Refining your Approach to Social Media

Refocusing social media to add real business value

As social media makes its inevitable march to mainstream business, many small law firms, astutely, are already establishing a strong social media presence before their competitors. Many firms argue that, although all of the benefits of social media have not been realized, staying ahead of the curve will keep them well poised to take advantage of any benefits that may materialize in the future.

The risk, of course, is that early adopters of social media may find themselves still looking for greater benefits to their firm in three years. That, however, does not have to mean there is not real business value in social media. To keep your social media investment productive today, refine your approach by focusing on these three business goals.

1. Listening to your Customers – One of most useful thing that service providers are finding about social media is that they can listen to customer feedback in a manageable way. Prior to social media tools, such as Twitter, customers and businesses alike were frustrated with the lack of any good option for conversing. From a business owner’s perspective, the exorbitant cost of establishing a forum for customer feedback prohibited.

For customers, support lines, e-mails and Web forms generally were frustratingly slow and unresponsive. Now, business owners can listen to what customers are saying about their business and join the conversation. Customers are talking about your business, so you should listen, and perhaps more importantly, join in. For example, engaging customers with Twitter provides an easy, public forum for you to respond to your customers, and it sure beats mass e-mails with a “do not reply” link at the bottom.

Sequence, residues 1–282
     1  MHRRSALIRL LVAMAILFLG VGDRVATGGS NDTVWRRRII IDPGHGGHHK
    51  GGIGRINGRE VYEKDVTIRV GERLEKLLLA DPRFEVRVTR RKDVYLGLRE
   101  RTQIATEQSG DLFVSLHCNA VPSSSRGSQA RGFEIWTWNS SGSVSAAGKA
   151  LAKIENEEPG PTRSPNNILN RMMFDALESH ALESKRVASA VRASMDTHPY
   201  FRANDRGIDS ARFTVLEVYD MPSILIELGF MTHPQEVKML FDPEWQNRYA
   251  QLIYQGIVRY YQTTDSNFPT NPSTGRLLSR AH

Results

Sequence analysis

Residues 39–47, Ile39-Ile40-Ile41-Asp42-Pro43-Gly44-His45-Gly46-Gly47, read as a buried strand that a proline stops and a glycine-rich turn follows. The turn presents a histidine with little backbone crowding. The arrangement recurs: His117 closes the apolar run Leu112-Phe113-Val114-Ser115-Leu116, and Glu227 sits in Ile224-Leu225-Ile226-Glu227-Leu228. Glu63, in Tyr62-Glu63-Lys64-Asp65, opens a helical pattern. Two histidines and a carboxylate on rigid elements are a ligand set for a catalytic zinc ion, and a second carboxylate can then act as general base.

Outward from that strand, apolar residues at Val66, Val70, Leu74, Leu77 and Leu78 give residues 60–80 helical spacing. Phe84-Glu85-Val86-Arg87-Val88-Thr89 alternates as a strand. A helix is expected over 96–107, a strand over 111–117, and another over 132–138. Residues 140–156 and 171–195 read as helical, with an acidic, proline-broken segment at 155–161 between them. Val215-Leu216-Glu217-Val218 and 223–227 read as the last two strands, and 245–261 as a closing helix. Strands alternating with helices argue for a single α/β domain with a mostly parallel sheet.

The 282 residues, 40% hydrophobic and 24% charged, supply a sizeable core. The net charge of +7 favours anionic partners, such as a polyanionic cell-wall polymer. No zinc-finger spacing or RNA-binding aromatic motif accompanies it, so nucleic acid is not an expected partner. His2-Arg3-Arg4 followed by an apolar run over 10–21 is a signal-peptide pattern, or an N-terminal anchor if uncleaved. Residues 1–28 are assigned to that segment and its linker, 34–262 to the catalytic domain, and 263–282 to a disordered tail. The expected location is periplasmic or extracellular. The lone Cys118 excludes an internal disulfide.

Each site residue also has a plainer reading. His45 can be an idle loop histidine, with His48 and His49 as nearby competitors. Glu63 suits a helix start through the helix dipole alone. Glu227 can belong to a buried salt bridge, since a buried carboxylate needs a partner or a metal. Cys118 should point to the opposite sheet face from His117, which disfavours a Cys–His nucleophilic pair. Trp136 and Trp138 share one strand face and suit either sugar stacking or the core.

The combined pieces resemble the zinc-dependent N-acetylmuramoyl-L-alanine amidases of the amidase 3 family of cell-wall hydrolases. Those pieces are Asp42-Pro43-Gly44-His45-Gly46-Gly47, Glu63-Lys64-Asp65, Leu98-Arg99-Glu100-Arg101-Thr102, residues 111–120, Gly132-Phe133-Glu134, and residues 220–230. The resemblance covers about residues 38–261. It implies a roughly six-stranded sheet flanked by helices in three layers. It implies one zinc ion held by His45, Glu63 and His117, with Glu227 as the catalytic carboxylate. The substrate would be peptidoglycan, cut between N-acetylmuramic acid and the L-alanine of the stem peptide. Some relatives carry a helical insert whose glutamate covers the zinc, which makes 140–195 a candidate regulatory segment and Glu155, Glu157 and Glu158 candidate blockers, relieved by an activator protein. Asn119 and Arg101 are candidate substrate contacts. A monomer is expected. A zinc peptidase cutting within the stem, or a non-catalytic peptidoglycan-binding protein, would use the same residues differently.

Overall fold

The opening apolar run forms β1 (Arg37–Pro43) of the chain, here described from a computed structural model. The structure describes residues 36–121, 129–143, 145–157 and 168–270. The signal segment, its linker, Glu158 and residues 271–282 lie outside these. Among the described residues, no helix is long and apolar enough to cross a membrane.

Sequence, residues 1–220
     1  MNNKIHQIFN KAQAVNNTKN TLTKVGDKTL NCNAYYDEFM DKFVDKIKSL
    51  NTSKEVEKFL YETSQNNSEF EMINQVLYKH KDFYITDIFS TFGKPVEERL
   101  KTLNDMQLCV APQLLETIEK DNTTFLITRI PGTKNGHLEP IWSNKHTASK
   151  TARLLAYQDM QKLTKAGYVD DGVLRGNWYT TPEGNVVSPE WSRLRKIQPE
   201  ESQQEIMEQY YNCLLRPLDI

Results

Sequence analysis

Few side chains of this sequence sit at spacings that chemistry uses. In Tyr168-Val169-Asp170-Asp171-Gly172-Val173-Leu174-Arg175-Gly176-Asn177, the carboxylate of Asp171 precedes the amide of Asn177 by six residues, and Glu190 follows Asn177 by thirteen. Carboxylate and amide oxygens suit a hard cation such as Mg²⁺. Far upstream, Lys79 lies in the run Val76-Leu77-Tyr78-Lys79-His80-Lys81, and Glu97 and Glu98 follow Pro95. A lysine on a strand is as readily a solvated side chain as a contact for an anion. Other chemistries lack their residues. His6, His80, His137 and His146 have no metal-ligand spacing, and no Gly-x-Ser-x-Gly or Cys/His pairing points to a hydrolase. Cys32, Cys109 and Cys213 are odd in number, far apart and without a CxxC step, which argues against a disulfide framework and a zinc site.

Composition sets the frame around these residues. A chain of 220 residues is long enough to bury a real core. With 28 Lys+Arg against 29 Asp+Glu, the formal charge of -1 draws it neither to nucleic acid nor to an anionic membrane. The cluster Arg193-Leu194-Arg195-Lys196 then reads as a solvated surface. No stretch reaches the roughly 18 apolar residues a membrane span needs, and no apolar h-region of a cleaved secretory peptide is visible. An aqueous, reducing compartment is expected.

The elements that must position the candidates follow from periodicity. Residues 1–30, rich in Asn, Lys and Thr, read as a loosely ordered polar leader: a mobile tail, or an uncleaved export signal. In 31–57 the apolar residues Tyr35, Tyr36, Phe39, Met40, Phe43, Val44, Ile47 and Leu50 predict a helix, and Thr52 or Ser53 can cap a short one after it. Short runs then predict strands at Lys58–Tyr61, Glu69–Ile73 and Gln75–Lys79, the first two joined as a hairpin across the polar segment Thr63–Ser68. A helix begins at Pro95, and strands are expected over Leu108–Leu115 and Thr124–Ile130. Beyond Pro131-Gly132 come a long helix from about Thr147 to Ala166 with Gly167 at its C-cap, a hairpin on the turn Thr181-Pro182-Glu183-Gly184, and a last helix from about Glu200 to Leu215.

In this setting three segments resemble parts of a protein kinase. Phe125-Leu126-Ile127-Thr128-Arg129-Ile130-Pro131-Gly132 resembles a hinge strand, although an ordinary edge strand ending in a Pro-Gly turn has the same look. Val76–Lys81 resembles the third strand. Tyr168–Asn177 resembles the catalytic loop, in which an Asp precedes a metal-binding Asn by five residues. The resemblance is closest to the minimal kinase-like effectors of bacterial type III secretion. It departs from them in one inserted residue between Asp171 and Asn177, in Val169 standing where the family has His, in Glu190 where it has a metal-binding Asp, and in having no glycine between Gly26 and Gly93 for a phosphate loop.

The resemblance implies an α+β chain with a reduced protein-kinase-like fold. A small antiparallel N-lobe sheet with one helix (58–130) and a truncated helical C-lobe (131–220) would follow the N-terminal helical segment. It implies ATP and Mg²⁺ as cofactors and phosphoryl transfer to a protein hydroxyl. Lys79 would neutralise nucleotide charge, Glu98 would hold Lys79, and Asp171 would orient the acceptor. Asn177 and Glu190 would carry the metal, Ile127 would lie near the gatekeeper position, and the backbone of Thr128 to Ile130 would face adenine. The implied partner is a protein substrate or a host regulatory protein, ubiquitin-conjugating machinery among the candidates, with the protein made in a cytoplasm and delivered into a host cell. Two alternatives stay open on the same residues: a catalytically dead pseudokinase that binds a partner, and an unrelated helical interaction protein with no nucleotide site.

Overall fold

2. Increase your Web Presence – contributing to social communities has the peripheral benefit of increasing your searchability. Google indexes your social media content, including your Twitter posts, so Google results may link back to your Web site, Facebook, or LinkedIn profile. Leverage that knowledge to your advantage by making more likely that potential customers will find you when they are looking for your services.

3. Networking and Word-of-Mouth Marketing – Building peer relationships – Finally, think of your social media time as networking time in the real world. You attend real social events to build your personal relationships that may result in business sometime down the line. The same principle applies to social media. Although you cannot measure social media’s ROI in the same way you would traditional marketing, you can still use it to expand your social network and develop your word-of-mouth marketing. So, stick with your Facebook, LinkedIn and Twitter efforts even though you are not seeing immediate results in terms of business walking in the door.

Focusing on these three social media benefits will guide you to making smarter business decisions about social media. The obvious pitfall to avoid, of course, is wasting too much time with social media. However, on the flip side, you do not want to fall behind your competitors and lose the opportunity to maximize your social media benefits.